You can find the Alameda Journal article about the new theatre’s gala opening here. And you can also read Journal Editor Connie Rux’s tribute to the restoration. The schedule for this weekend’s opening events, which includes free showings of classic movies, is here.
And it sounds like, despite all the grumblings of the past, many people are enjoying the idea of having a beautiful place to see movies in town. I even chanced to hear one woman say to her a friend as they walked by me on Park Street the other day, “I was against it, but now that it’s here I’m kind of glad.” I think I’ll be taking my kids to the show this weekend.
It’s also nice to see a letter from nine-year-old Ruby Siltanen running in the Journal this week. The Paden Elementary third grader lists her top ten reasons for supporting Measure H (which, as you know I, too, fully support). Ruby writes, “Kids are worth paying $10 a month for four years.” And, too, “A lot of kids in elementary would like to play sports when they get into middle and high school.”
Ian Merrifield, Encinal’s student body president who was active in the school protests in March, has an editorial in support of Measure H . He writes, “There is no Alamedan who can claim that she is independent from the success of AUSD. Quality schools boost property values, reduce crime rates and enrich the local economy…”
Jeffrey Smith, an Encinal High School math teacher, has a “con” piece running in today’s paper, which concludes with a somewhat befuddling series of questions, “Should this extortion be titled Measure H, Proposition H or Preparation H?”
It has come to my attention that many of you don’t know that you can find Alameda Journal articles online here. They usually post live some time the day before the print paper comes out. So, if you’ve written a letter to the editor and want to know if it’s going to run or you want to browse the latest headlines, check there.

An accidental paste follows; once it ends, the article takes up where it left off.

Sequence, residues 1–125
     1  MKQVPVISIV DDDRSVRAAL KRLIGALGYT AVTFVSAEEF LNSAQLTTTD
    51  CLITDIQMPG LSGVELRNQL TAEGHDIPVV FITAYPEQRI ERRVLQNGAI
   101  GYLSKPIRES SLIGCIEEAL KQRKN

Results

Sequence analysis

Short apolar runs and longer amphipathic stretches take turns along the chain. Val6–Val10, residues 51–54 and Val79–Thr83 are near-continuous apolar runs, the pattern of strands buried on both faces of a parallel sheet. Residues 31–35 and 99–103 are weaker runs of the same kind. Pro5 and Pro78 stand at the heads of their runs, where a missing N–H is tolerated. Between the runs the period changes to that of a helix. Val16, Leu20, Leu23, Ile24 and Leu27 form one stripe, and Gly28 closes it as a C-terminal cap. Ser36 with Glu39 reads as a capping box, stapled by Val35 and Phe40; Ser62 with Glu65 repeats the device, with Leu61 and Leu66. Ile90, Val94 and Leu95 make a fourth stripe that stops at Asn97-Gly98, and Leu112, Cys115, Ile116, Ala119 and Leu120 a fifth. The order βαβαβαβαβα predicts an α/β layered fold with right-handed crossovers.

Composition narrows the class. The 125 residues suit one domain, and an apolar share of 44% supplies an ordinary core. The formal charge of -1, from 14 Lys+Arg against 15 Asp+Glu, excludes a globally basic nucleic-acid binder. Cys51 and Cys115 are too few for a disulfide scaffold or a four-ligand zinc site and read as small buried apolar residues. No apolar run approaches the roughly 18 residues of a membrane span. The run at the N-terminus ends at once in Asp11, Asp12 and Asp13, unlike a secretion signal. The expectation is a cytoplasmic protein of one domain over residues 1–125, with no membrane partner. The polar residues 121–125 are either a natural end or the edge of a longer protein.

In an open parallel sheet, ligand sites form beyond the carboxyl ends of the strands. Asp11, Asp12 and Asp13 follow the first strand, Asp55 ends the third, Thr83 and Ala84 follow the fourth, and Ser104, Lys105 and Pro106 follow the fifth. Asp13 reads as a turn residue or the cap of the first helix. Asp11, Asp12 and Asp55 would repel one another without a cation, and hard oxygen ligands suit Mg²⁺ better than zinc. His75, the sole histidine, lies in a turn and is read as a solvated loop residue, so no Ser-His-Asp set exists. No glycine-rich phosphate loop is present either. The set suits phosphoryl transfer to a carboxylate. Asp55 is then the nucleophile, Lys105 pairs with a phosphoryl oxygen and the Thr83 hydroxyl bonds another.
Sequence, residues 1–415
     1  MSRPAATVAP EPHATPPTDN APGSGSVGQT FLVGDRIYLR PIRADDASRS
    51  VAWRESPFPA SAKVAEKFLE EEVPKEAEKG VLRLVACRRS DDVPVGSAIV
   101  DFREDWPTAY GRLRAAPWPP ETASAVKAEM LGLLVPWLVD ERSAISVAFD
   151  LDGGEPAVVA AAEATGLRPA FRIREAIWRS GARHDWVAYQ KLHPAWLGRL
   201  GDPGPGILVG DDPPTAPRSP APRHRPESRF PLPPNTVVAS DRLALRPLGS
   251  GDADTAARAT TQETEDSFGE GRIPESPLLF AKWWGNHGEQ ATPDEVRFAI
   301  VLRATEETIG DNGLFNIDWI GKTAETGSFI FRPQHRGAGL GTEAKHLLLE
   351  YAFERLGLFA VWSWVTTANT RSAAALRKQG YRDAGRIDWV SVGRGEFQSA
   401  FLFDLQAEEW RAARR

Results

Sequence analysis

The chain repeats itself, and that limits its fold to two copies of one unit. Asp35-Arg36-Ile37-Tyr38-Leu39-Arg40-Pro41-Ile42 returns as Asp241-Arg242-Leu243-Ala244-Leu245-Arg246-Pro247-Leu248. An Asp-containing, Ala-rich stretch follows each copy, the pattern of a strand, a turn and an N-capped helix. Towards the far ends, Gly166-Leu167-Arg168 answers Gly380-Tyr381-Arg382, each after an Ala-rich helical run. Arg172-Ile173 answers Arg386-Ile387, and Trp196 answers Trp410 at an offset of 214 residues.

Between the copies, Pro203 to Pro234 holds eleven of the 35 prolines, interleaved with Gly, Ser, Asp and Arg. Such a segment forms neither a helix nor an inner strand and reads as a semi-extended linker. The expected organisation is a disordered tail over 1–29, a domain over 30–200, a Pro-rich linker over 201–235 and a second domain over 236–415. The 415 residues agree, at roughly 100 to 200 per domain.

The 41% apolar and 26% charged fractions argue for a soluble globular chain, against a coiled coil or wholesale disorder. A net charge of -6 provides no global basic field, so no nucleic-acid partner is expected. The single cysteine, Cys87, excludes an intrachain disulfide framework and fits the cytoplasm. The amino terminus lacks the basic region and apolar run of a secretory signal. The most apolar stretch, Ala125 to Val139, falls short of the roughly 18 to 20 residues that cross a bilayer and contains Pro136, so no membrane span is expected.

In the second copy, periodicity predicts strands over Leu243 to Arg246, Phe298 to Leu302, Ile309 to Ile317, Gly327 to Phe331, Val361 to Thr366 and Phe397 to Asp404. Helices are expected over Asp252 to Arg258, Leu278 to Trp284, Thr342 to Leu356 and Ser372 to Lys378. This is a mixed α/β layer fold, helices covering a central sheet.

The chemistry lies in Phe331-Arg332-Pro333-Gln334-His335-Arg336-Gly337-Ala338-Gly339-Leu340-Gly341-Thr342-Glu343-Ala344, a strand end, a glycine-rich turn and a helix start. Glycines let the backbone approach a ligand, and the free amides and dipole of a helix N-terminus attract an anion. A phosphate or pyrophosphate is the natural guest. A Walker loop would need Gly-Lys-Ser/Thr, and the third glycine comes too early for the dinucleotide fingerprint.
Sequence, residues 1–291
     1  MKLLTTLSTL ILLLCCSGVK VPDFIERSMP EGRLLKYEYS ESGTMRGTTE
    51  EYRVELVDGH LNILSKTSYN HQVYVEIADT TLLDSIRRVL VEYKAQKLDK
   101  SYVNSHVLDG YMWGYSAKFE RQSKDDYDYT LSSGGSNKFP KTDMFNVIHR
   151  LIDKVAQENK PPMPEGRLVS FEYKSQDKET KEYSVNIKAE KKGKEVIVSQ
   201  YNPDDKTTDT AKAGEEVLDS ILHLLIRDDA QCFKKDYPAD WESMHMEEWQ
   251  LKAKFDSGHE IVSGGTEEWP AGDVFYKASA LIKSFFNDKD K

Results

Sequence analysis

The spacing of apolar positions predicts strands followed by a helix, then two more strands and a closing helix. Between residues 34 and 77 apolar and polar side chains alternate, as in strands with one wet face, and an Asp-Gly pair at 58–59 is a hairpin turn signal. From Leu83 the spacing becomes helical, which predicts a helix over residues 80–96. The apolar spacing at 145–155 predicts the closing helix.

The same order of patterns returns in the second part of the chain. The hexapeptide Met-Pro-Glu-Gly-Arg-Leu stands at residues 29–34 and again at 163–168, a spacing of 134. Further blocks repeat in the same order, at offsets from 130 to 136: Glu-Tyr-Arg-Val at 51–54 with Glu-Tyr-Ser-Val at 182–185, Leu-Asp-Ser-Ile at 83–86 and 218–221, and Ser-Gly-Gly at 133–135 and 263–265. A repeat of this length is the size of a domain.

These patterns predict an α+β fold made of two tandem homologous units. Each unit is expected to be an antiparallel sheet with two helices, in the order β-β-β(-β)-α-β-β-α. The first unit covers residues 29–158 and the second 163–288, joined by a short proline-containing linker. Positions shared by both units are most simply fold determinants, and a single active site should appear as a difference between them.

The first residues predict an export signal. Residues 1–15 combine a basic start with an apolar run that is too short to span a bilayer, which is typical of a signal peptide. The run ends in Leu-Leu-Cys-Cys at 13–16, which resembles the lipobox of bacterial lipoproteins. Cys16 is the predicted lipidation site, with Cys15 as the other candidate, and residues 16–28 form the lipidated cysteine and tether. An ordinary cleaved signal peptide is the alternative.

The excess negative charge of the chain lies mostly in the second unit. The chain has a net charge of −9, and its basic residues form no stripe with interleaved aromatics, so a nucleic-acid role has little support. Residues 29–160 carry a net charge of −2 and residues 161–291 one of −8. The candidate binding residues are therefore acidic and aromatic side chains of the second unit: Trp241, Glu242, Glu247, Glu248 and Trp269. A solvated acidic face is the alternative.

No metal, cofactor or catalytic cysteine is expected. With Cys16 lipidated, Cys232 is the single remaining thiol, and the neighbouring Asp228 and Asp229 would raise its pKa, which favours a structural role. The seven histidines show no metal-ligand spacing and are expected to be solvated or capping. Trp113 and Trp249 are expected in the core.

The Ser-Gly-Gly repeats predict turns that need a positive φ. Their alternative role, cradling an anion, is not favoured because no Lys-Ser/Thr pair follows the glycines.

Keep Alameda Schools Excellent, the group formed to support Measure H, also has some good info about the “May revise” of the state budget. Which, as best a I can discern (though no one seems to have a handle just yet on what exactly the budget will mean) shifts how the money is going to be cut, but still cuts a significant chuck from schools. Instead of suspending Prop. 98, it cuts the cost of living adjustments. Instead of cutting special education, it reduces monies for rising utility costs. “The revised budget is a shell game,” School Trustee Bill Schaff told the Journal yesterday, “leaving our schools the biggest loser…we still must anticipate a $4 million hit to Alameda schools.”
This Friday, May 2, at 7 p.m. in Kofman Auditorium (in Alameda High) there will be a benefit concert to try to keep music in grades one, two and three in our district’s schools. The concert is brought to you by Bay Farm parent Lorri Garrett and a host of other hardworking volunteers in the Save our Music crew. You can buy tickets to the hip-happening event online here and also learn more about the class acts, including on- and off-island talent as well as many of our district’s bright-eyed third graders. If you can’t make the show, there’s also an online auction, with items including tickets to the San Francisco Opera, a $100 gift certificate to Scott’s Shoes and a drum head signed by Metallica.